Novel strategies aimed at increasing underground storage security by sealing unwanted leakage pathways near wellbores are currently under development. One such strategy is to engineer the process known as microbially-induced calcite precipitation (MICP) to achieve mineral-based sealing of fractures and reduction of permeability. Laboratory-based MICP research reported herein has demonstrated the ability to effectively reduce permeability in multiple 2.54 cm (1 inch) diameter Berea sandstone cores, seal fractures in shale cores, and seal a hydraulically fractured, 74 cm (29 inch) diameter sandstone core. This research involves integration of experimental testing and simulation modeling. In all experiments reported, Sporosarcina pasteurii biofilms were established and an injection strategy developed to optimize CaCO3 precipitation induced via enzymatic urea hydrolysis. Permeability reductions of 3-5 orders of magnitude were demonstrated. A field demonstration project successfully sealed a fractured sandstone formation located 341 m (1118 feet) below ground surface with MICP using conventional field delivery technology. MICP is a developing novel technology with the potential to seal fractures to reduce the risk of leakage from the subsurface.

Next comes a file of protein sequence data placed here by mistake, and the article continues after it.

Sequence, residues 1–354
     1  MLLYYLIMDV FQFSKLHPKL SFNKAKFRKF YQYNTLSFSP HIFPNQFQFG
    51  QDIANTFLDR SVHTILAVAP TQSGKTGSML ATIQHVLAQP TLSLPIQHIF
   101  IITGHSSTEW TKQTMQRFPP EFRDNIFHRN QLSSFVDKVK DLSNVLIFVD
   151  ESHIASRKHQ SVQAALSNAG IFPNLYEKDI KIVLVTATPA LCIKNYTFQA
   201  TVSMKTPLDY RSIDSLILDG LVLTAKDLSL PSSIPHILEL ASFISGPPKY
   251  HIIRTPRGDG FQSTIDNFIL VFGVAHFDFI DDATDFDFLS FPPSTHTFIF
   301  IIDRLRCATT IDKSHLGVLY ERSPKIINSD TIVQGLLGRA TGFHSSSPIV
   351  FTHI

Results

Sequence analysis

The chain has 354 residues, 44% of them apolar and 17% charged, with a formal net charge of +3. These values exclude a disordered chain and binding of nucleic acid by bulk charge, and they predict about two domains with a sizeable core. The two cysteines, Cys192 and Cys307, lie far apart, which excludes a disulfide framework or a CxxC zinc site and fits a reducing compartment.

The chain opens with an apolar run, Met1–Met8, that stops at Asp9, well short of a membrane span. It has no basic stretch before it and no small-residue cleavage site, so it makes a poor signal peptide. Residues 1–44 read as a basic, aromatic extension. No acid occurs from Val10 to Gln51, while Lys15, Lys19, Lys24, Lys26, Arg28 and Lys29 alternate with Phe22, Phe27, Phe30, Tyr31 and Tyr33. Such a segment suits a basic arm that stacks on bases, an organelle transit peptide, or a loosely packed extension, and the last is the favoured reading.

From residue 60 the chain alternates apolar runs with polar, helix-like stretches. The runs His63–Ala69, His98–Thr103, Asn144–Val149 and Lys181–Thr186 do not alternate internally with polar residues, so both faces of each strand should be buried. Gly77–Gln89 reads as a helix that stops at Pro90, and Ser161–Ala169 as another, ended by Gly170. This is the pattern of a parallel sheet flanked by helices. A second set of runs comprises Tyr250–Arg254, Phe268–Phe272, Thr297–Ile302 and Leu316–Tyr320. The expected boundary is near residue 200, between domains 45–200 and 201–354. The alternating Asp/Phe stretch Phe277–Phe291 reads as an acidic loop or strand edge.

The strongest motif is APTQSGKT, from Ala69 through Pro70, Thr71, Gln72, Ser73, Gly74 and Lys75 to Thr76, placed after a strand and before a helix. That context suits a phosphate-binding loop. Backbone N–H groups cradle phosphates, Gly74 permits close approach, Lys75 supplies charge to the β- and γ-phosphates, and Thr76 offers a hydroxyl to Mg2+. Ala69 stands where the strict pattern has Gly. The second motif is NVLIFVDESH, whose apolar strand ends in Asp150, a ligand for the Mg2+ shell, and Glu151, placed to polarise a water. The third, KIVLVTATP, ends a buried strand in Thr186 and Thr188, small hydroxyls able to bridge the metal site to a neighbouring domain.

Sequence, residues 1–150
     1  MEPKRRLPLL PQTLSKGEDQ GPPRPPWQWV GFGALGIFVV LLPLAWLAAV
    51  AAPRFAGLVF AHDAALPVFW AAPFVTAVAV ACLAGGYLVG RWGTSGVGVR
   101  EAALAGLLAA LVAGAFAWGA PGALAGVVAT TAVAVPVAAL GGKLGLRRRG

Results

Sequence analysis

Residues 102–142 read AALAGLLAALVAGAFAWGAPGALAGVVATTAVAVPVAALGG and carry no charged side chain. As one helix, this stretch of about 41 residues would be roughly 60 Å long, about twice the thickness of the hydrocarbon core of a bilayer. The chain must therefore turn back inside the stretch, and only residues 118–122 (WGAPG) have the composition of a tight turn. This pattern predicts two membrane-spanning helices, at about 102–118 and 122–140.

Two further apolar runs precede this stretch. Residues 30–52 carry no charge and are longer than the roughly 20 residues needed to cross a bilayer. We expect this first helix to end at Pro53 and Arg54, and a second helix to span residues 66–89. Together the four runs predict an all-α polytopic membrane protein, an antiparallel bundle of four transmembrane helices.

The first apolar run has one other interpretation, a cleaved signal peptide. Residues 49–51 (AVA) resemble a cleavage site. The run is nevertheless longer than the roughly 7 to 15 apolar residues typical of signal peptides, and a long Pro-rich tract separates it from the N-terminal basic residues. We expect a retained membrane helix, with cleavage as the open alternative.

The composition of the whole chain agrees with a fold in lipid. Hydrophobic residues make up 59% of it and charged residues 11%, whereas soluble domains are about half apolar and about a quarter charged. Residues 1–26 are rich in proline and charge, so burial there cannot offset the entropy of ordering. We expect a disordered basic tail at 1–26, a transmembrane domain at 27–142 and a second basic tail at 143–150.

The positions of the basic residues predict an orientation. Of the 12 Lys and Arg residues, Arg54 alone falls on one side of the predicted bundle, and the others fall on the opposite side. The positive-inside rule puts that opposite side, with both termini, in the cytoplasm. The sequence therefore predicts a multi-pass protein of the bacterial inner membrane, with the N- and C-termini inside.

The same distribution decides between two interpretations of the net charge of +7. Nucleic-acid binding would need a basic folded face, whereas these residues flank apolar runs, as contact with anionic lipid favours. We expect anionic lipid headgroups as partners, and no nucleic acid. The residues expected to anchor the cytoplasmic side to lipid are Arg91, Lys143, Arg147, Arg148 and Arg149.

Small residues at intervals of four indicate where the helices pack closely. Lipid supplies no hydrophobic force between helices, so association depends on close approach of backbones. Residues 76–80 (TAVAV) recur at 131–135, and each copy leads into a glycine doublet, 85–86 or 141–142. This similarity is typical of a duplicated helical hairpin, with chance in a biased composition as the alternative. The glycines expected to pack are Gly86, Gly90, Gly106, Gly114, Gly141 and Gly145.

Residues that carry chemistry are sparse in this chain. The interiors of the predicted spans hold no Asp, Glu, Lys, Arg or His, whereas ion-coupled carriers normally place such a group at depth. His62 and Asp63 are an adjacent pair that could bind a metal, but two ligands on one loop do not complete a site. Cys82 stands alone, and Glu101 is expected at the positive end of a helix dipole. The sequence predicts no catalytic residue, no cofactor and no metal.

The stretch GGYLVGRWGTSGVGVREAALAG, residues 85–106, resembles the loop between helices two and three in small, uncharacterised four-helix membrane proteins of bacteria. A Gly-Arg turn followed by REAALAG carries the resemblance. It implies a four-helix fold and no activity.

To manage the environmental risk of storing carbon dioxide in geologic formations, unconventional oil & gas resource development and nuclear waste disposal, novel methods are needed to prevent leakage of subsurface fluids to functional overlying drinking water aquifers or the ground surface. One method currently being explored on multiple scales (from laboratory to field) is the use of microbially-induced calcite precipitation (MICP) [1-8]. This method utilizes microbes that have the capability to alter the chemical environments in host rock pore spaces. One example is the use of ureolytic microorganisms that produce enzymes to create saturation conditions favorable for promoting MICP [9- 11]. MICP has been proposed for a number of subsurface engineering applications including preventing gas leakage by sealing fractures to secure geologic storage of CO2 or other fluids, improving wellbore integrity, and stabilizing fractured and unstable porous media [3, 6, 12-16].